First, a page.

Demographic Change

Meeting the Needs of an Ageing Workforce


The working population in many European countries is becoming increasingly older with serious consequences for the efficiency of companies.

In order to be able to meet the challenges of a changing labour market, it must be assumed that there will be a rise in the retirement age rather than a drop over the next 20 years. Therefore, it should become the aim of every forward-looking company to keep its employees healthy while they are still young so that they remain capable of working until they have reached a high age.


As a result of illness-related early retirement or - what is even more serious - through the premature death of an employee, companies are losing those employees who are at their peak in terms of experience and efficiency. Their knowledge and skills are often difficult to replace and their loss to the workforce can turn out to be very costly.

The increasing pressure on the labour market created by ageing workforces should encourage companies to promote the health of their employees and thus reduce early retirement due to ill health.

In particular, measures to enhance the working environment and corporate culture are suitable for this purpose. Moreover, employees should be supported in dealing with their health and lifestyle as their own personal responsibility.

How serious is the problem of an ageing workforce and what can companies do to meet the resultant challenges they face? The European network Enterprise for Health (EfH) discusses these and other questions.


Practical Consequences

The  EfH members consider it of vital importance to acknowledge the impact of ageing in the workforce. The exchange of experience in the EfH network produced the following consequences for future activities:

  • Create an awareness among all company and supra-company shareholders of the need to examine the effects of the demographic changes in the world of work:

    For this purpose it is necessary to counteract the growing age discrimination with more reliable information on the development of the actual capabilities of older employees. Examples of good practice show how the work ability of the employees can be successfully maintained in the long term.

  • Systematically maintain and improve work ability by means of age-conducive work organisation and company health policy:

    Companies should promote a holistic approach which, on the one hand, improves the company conditions (work organisation and management) and the personal conditions of the employees (health, efficiency and competencies), e.g. through flexibilisation and the promotion of exercise to suit the various life phases. In general, the strategies should involve prevention and include all age groups in the company.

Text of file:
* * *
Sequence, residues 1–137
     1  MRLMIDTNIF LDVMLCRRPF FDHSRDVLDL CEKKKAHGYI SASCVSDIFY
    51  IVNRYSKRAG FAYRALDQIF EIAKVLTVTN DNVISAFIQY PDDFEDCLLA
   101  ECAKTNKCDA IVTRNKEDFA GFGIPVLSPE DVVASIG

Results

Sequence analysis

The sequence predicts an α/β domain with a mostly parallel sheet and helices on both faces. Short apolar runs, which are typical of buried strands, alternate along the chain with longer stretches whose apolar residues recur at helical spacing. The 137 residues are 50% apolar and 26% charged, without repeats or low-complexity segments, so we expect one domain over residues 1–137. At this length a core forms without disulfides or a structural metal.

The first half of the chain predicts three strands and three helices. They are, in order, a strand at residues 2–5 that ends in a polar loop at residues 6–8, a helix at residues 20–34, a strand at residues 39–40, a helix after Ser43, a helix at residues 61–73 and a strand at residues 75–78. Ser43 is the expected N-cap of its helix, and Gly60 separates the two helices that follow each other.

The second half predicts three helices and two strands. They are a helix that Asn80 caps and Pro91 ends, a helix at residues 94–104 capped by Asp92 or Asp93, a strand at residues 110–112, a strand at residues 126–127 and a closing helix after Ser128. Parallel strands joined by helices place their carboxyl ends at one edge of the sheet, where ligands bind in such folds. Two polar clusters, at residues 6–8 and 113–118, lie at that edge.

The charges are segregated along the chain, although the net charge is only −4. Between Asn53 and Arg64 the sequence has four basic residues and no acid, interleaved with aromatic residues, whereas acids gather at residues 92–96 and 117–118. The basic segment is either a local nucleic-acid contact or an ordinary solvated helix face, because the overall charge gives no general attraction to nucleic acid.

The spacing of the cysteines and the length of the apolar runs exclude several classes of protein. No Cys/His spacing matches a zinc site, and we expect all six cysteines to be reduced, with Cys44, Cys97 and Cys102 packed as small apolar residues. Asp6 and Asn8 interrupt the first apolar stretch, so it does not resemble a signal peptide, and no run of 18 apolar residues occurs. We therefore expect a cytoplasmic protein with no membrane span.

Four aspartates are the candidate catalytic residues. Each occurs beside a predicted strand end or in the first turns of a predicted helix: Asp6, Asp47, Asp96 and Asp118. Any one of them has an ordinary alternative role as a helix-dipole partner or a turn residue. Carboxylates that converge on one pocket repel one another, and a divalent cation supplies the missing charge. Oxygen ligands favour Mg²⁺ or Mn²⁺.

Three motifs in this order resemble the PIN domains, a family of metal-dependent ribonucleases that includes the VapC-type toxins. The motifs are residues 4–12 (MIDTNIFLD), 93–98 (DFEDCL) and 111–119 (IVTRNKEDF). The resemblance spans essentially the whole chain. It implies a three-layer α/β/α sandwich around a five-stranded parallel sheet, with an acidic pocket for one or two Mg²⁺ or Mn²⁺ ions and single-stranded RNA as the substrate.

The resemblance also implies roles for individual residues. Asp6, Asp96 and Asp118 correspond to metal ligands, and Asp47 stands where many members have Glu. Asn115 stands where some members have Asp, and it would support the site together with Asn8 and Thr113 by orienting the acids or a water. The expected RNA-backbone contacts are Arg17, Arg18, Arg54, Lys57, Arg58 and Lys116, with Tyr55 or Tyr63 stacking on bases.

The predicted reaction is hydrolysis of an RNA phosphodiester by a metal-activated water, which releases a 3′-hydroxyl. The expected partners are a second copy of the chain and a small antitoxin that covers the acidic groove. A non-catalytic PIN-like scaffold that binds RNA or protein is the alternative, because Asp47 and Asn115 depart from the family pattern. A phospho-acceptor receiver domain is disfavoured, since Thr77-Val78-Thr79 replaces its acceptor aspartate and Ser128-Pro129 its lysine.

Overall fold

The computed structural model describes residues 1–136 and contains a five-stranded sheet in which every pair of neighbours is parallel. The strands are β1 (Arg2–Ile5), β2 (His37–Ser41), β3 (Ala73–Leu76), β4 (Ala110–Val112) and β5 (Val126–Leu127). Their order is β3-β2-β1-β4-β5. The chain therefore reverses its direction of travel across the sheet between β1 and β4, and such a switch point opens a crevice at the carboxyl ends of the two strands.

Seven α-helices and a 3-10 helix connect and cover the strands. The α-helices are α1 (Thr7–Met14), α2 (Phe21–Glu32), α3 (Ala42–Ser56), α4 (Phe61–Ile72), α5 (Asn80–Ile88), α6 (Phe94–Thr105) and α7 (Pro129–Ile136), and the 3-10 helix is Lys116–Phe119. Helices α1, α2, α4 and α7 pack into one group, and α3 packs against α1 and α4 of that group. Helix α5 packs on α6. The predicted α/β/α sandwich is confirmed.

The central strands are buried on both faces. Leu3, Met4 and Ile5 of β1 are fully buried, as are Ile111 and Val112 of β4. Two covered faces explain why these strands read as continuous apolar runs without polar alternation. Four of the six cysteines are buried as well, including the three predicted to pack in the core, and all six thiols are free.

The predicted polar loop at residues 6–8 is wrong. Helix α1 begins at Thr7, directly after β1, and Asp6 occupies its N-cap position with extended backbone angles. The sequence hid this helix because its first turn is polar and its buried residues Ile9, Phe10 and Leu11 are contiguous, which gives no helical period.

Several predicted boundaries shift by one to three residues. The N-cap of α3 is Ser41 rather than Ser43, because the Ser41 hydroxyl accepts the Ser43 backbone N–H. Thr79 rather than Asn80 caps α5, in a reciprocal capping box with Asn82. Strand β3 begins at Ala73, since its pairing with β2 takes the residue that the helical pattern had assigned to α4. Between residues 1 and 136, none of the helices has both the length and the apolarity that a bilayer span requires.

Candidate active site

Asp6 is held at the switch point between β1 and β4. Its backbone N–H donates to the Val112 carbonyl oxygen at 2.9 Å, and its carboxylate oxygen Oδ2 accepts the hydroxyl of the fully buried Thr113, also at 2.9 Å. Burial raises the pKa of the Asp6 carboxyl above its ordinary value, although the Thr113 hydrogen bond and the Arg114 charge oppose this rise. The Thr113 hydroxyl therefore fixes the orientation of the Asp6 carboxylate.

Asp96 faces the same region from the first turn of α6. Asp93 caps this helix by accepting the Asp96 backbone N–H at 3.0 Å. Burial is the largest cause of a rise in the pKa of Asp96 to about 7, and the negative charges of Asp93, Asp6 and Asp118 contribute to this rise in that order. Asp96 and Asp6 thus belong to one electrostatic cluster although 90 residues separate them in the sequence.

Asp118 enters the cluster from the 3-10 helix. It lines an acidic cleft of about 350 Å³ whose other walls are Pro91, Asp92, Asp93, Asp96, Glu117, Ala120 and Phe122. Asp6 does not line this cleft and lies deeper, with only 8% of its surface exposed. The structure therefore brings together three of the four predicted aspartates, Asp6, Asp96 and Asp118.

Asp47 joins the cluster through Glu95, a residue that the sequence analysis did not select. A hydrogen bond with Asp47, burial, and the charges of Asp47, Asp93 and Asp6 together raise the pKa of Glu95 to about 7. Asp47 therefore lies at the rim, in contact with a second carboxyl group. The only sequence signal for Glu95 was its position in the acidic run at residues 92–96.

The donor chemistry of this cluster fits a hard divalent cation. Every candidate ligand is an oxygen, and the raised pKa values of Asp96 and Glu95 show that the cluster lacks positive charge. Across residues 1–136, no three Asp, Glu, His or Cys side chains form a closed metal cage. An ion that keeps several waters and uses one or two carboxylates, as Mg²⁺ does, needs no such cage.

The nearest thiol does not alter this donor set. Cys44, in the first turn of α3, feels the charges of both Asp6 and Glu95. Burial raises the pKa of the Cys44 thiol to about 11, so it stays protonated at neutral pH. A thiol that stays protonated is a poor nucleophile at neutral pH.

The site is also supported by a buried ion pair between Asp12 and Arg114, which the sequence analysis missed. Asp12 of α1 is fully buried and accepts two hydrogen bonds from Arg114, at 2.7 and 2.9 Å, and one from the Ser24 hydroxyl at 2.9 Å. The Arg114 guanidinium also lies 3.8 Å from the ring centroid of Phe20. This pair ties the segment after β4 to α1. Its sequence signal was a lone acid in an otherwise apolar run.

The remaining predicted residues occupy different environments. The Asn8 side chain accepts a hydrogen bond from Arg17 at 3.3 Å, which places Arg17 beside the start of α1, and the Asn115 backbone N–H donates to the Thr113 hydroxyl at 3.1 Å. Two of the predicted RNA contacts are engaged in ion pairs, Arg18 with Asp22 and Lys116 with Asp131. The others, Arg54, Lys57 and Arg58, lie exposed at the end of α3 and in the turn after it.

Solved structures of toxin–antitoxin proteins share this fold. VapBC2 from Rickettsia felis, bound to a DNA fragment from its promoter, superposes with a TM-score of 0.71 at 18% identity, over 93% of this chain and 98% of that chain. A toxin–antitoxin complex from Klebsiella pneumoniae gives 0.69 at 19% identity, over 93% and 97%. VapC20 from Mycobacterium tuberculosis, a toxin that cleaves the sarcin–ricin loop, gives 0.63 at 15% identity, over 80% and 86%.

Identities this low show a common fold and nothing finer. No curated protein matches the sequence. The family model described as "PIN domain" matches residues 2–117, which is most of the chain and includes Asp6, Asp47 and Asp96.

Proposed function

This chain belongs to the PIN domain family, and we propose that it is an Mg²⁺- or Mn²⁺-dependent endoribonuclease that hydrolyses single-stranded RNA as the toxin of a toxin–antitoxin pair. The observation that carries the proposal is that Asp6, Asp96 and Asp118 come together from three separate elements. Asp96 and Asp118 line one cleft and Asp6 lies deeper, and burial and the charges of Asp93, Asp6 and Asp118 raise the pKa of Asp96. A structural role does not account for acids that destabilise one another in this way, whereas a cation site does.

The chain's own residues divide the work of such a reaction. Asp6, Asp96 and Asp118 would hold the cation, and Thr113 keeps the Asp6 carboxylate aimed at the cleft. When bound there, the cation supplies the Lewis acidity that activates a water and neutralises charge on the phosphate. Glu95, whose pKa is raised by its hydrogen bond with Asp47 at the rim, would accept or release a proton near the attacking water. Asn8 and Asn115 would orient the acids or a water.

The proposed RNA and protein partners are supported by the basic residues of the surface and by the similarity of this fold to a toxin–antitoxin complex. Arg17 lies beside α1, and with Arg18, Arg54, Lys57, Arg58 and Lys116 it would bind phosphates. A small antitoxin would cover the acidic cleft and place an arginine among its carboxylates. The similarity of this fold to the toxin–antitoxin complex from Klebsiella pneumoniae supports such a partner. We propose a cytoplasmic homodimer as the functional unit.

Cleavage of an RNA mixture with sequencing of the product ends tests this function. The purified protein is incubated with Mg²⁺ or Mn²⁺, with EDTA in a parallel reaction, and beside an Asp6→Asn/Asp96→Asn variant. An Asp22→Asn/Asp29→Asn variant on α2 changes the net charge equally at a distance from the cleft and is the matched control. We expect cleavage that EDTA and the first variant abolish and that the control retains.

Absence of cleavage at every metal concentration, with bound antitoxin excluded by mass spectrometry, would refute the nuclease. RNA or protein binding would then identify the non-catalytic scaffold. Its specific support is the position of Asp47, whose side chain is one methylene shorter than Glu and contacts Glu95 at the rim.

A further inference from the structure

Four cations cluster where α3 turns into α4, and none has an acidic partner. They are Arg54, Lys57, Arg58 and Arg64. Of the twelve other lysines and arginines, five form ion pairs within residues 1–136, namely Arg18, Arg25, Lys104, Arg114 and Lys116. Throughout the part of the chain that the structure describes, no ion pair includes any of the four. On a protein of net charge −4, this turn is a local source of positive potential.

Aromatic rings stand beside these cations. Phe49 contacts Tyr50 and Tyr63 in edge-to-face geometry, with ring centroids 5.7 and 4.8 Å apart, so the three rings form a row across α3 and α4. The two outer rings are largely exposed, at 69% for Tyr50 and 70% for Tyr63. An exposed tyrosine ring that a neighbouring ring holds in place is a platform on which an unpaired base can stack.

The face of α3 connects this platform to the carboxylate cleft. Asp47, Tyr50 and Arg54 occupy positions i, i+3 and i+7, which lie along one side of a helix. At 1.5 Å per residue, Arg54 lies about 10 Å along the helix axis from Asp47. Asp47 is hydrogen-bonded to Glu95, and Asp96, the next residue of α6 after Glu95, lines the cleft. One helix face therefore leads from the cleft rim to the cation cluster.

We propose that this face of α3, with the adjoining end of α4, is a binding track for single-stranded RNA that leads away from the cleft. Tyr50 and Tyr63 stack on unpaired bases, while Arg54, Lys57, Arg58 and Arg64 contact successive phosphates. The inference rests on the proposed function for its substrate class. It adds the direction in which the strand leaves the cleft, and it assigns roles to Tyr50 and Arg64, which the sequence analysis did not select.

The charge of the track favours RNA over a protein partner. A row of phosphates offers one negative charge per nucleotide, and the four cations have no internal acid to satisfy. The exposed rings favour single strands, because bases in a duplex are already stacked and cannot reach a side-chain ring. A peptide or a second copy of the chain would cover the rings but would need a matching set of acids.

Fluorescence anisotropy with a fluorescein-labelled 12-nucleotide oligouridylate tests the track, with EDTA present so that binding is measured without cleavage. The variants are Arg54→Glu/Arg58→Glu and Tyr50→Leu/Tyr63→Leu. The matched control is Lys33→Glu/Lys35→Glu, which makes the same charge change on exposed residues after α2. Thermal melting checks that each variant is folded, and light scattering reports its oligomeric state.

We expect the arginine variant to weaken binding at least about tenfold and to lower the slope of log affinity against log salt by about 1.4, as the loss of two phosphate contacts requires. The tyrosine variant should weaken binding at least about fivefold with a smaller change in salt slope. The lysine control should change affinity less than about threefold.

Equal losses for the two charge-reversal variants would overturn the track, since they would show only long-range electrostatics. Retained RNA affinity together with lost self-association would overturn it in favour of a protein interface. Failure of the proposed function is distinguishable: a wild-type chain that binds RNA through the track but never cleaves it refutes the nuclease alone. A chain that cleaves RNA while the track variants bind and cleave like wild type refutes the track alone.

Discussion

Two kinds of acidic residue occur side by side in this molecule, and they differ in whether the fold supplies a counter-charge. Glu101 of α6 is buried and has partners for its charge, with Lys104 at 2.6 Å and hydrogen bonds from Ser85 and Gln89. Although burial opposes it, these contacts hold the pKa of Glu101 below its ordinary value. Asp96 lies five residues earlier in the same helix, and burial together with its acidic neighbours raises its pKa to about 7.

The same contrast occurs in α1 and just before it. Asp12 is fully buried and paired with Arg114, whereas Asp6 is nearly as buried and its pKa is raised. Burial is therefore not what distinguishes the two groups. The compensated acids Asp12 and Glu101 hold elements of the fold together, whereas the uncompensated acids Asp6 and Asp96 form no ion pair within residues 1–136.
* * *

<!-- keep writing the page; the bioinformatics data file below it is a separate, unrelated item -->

• Promote flexible and sensible transitions into early retirement:

    The retirement policy represents an effective tool for dealing with an ageing workforce. A flexible approach which incorporates early retirement, flexible and phased retirement as well as part-time retirement can reduce the possible negative effects of an ageing workforce on business practice in conjunction with a flexible pension scheme. This will also meet the needs of most employees who no longer desire an abrupt break between working life and retirement but prefer a flexible transition which they can adapt to suit themselves personally.


"Work ability should be promoted over a personís entire working life and measures relating to competence, health and ergonomics must be integrated into company life. Only the proactive and sensitive handling of age-related problems can put workers in a position to  exploit their full potential during their working lives. This means understanding the strengths and weaknesses of younger and older workers to the same extent and designing work requirements and tasks in such a way that they can met the different demands."

Prof. Dr. Juhani Illmarinen, Finnish Institute for Occupational Health, FIOH, Helsinki, Finland

(Keynote Speaker, EfH Business Meeting "Ageing Workforce", September 23 - 24, 2002, Aix-en-Provence, France)


to top    print page